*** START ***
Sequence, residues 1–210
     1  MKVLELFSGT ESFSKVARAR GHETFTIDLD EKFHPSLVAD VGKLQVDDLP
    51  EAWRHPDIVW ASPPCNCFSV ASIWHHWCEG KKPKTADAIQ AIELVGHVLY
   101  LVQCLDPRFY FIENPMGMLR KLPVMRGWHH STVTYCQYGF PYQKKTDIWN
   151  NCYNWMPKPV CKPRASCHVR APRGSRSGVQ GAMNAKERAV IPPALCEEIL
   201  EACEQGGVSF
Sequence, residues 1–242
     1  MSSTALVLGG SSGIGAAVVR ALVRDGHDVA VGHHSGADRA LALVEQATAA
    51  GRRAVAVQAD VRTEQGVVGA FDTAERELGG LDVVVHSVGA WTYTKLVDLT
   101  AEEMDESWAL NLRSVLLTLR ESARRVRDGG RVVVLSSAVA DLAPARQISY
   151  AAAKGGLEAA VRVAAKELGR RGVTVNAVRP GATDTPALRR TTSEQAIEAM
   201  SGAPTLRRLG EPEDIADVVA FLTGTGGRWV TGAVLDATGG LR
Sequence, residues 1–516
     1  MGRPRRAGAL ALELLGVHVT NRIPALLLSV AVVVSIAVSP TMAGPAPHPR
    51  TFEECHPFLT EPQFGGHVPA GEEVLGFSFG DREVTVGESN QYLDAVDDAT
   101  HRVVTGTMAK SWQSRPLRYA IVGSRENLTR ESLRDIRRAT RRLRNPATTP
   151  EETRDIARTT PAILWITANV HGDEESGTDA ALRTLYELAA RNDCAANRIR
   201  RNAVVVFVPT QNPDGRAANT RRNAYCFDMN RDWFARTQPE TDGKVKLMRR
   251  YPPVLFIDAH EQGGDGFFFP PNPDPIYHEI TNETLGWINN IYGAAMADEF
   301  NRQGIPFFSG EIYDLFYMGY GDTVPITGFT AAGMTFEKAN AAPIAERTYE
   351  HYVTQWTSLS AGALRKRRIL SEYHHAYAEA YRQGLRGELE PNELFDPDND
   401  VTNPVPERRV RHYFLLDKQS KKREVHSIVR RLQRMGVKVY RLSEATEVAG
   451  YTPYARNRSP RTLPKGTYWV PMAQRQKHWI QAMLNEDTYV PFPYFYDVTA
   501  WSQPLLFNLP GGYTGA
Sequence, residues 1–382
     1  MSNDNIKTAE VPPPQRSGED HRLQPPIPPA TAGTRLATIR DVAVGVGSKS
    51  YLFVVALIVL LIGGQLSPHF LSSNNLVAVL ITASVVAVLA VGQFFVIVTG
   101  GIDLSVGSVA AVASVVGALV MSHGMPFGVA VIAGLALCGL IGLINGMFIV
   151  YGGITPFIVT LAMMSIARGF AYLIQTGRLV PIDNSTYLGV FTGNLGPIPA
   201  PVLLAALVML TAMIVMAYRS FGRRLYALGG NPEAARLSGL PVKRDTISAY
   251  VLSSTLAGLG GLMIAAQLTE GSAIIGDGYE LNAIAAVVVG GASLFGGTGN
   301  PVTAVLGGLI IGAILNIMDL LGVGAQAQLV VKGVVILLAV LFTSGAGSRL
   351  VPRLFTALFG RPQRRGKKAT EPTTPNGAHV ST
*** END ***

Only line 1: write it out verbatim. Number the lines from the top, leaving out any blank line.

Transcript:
Sequence, residues 1–210